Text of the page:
US debt default puts social security, healthcare, veterans at risk
The political war between Republicans and Democrats continues as federal institutions scramble to plan for scheduled payments.
The United States is rapidly closing in on total financial chaos, as the two ruling parties have failed so far to reach a borrowing ceiling consensus although the debt default is estimated to hit the government in early June, as per earlier statements by US Treasury Secretary Janet Yellen.
The debate over raising the debt ceiling has become an annual occurrence, however, this year Congress is in a race against time while Republicans and Democrats are yet to agree on the terms.
In short, the United State's expenses exceed its revenues, which prompts an increase in the borrowing limit currently sitting at $31.4 trillion.
Read more: Asian markets sink as US debt ceiling talks stall
US markets are accumulating losses every day as the debt default date, also known as X-date, closes in. But the default impact would not be limited to the United States, rather, it would have a tremendous impact on the global markets.
Moreover, in case this scenario happens, investors would lose trust in the US financial system, and thus won't be as motivated to invest in products and instruments backed by the US dollar.
Spending on federal programs, such as social securities, medical assistance, and benefits programs for serving and retired army personnel, among other payments, that accounted for 45 percent of last year's 6.27 trillion budget, would be forced to a halt - affecting tens of millions of Americans.
"We would simply not have enough cash to meet all of our obligations," Yellen said earlier this month.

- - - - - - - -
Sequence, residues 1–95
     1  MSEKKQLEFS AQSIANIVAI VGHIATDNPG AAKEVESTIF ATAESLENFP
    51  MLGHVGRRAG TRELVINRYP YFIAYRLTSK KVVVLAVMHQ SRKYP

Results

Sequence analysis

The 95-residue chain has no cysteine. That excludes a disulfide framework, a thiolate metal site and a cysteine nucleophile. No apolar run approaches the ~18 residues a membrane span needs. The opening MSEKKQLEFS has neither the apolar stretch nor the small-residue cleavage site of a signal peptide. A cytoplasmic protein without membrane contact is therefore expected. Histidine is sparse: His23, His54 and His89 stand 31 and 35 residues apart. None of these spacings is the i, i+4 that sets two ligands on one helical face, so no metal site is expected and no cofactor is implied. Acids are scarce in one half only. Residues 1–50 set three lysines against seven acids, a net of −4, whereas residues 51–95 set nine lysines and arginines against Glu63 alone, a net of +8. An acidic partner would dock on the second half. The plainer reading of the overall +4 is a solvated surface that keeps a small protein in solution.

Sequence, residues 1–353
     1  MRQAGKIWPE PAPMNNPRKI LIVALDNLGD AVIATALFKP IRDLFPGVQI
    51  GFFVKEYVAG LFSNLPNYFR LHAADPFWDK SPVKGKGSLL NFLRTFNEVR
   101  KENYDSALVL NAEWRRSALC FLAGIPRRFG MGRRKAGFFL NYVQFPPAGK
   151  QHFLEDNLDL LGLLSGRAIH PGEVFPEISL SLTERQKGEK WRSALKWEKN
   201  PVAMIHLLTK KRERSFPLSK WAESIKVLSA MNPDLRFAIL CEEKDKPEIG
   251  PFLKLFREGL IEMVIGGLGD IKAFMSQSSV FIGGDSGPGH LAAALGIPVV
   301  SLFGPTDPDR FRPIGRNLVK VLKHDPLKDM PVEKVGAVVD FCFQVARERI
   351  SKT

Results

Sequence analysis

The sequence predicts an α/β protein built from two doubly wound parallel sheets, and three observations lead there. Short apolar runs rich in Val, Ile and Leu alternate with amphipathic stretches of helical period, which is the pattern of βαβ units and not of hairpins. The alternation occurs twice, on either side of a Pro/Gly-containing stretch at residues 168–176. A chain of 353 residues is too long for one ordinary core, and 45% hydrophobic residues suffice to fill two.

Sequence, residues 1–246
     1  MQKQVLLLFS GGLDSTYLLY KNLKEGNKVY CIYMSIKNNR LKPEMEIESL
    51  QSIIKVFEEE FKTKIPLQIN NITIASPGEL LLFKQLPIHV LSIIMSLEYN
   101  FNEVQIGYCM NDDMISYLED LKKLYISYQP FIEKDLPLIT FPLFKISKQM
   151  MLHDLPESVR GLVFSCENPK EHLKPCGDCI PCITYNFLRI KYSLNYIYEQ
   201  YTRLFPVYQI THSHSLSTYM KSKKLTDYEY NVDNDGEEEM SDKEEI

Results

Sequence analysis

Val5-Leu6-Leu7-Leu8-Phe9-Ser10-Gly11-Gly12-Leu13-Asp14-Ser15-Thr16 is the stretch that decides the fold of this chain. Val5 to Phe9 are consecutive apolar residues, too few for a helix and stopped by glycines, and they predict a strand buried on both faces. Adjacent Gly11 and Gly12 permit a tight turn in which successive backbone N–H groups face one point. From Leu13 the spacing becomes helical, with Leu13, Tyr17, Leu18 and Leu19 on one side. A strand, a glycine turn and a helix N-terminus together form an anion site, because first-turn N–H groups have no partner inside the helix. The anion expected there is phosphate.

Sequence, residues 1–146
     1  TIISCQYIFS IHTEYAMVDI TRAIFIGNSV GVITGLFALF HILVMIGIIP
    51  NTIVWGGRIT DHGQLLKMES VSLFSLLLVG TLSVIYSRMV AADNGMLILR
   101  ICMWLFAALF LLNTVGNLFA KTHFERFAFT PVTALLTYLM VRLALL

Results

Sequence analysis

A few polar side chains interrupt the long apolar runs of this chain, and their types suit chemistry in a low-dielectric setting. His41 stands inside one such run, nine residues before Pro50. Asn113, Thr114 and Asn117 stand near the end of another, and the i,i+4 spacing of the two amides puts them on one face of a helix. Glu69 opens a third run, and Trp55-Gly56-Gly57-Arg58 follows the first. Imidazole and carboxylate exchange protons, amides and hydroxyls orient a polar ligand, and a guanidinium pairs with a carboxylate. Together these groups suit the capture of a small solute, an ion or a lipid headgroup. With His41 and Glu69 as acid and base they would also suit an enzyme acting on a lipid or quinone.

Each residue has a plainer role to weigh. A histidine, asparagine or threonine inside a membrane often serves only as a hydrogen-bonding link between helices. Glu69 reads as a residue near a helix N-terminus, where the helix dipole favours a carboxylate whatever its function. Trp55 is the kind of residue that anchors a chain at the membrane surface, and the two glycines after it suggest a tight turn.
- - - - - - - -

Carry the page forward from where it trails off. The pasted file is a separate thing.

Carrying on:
On Monday, US House Speaker and President Joe Biden said their first one-on-one talks in months to avoid a calamitous debt default were "productive", but disagreements were still blocking any possible deal.
The White House meeting came after Biden cut off a short trip to Asia to recommence talks in advance of the US Treasury's deadline for Congress to authorize more borrowing.
Read more: Yellen warns brinkmanship over debt limit risks serious economic costs
The US Treasury informed federal bodies to secure a feasible plan for differing scheduled payments to prepare for a budget payment pause, reports said earlier.
Medicare providers are scheduled to receive $47 billion on June 1 from the Treasury, $25 billion dollars for social security programs are planned for June 2, and other payments are supposed to be made in the following days of the month,
Also on June 1, Congress said almost $25 billion in payments must be made to military personnel and civil servants, including other groups.
Selling and delaying
While missing pay dates will affect the US government, delaying some expenses for a few days is still manageable, but which bills to pay or sideline would be the main challenge for the federal government.
Selling government assets to make the due payments is also a plausible, yet less probable, scenario.
US Treasury data show that the Social Security Administration carries over $2.8 trillion in assets as of the end of April - making it the largest US bond holder in the world.
But this scheme would put US President Joe Biden in a political storm, especially from the Republican party, which would accuse him of failing to manage the spending issue.
While the last emergency option would be that US President Joe Biden would use his executive powers granted by the 14th Amendment to bypass Congress on the matter, the White House said earlier this week that Washington is not planning on doing so.